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Hollywood shopped Vale for props

Fence among many pieces purchased for ‘Hunger Games’

Breanne Church places an antique barrel on display at Splinters and Rags store in Vale, which provided numerous props for “The Hunger Games”.

SARAH LOWERY
Staff Writer
If the fence on the movie screen this weekend looks familiar, there could be a good reason.
One Lincoln County business played a role in the production of “The Hunger Games,” the much-anticipated movie version of a popular book, set to debut Friday in theaters nationwide.
Splinters and Rags, a family-owned primitive craft and antique store on N.C. 27 in Vale, supplied props for film crews shooting on location last summer in various parts of western North Carolina, including Shelby, Hildebran, Charlotte and Asheville.
“We had no clue how big it was supposed to be,” store owner Diana Gaines said of the movie adaptation, based on the first book in Suzanne Collins’ best-selling young-adult trilogy that is set in a dystopian North America.
She has since caught on to the craze. Nonetheless, when visited in late March of last year by Hollywood set decorators — who she said were obviously not from around here — she had never heard of the books. Gaines noted that the crew members used the production code name “Artemis” when they first arrived at her store to scout props.
However, as neither she nor her employees seemed aware of the movie, they revealed before departing that they were, in fact, with “The Hunger Games.” Gaines said she then looked the film up online and realized it was a big deal, especially locally since it was being filmed in the area.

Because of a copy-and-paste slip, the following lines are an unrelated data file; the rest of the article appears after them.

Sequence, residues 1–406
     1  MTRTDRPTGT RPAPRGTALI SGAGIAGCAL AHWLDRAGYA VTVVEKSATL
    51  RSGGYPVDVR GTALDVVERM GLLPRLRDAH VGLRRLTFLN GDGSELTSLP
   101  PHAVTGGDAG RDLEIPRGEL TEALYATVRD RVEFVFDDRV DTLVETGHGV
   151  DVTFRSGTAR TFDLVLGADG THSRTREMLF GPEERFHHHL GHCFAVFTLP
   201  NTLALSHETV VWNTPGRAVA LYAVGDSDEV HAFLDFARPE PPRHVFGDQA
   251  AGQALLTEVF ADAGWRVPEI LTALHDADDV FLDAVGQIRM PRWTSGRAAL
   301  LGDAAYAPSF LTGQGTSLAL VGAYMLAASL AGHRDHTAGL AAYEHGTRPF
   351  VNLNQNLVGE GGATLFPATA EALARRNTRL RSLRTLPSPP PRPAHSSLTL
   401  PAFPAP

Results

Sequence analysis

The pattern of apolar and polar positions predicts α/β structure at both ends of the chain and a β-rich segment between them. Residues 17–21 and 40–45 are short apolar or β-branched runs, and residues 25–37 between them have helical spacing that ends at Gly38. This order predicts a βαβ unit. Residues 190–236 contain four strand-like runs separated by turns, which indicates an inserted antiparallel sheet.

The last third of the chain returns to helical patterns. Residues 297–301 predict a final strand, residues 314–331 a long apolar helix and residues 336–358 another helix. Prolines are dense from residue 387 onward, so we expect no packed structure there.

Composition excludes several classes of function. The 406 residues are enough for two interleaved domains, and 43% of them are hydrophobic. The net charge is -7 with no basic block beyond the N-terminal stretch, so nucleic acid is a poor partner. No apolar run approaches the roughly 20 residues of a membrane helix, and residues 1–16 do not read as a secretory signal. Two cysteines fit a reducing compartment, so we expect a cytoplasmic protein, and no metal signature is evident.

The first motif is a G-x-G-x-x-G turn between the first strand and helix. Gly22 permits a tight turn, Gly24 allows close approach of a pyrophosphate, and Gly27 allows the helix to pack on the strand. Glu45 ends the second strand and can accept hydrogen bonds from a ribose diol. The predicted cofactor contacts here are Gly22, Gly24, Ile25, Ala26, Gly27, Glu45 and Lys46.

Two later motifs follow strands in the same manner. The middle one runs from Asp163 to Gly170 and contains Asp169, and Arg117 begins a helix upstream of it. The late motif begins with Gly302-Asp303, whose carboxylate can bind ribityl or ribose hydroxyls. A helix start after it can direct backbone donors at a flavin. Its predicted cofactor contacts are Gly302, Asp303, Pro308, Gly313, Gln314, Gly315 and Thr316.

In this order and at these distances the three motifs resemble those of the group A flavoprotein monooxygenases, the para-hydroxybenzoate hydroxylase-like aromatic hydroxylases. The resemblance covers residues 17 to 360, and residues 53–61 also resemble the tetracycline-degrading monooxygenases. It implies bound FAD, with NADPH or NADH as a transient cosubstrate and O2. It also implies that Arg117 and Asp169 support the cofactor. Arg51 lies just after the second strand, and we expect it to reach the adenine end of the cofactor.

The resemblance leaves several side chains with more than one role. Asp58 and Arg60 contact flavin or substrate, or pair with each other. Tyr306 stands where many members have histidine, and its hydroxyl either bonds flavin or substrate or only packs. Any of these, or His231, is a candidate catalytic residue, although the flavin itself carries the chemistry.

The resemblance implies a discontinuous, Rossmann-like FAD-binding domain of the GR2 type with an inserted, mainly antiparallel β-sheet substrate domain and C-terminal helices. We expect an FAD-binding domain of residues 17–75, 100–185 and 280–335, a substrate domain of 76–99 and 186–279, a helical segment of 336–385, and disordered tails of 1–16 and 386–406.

Surprisingly, crew members placed no restrictions regarding secrecy on her or her employees.
They came to Splinters and Rags after seeing the business in a brochure of antique stores throughout the state. At first, Gaines noted that they were friendly but hesitant, however they warmed up quickly. And, she added, they knew exactly what they were looking for and stayed for quite a while.
The set decorators initially took various pictures of items to show studio executives back in Hollywood. The production company then continued to email lists of very specific requested items, with Gaines even helping to find ones her store didn’t have in inventory, checking into nearby venues such as at the Metrolina Tradeshow Expo in Charlotte. They also visited Country Heart in Shelby, she noted.
When the list was finalized, she prepared an invoice, noting that the studio was not worried about the price. About a month later, a lift truck came to pick up all the pieces.
“They had quite the selection of inventory in that truck, including the antique decorative fence we originally had around the outside of the store,” Gaines said.
In addition to the fence, crew members requested several display items that weren’t actually for sale. Gaines assigned them fair prices, adding that they didn’t jack the prices up just because they were for a movie.
Other items purchased included antique cabinets, cupboards, Mason jars, old metal washtubs, wooden crates and padlocks.
Splinters and Rags has been in business for about five years. Gaines acquires much of its inventory from farmers in Pennsylvania Amish country. And, she believes the movie production’s interest in her store may help spark new visitors and customers.
“We’re anxiously awaiting the opening of the movie, and also keeping our fingers crossed that they will return to the area to film the expected sequels,” she said.
However, she admits that when she does finally get to see “The Hunger Games,” she may be more preoccupied with the props in the background than the story itself.

Image courtesy of Ray Gora / Lincoln Times-News

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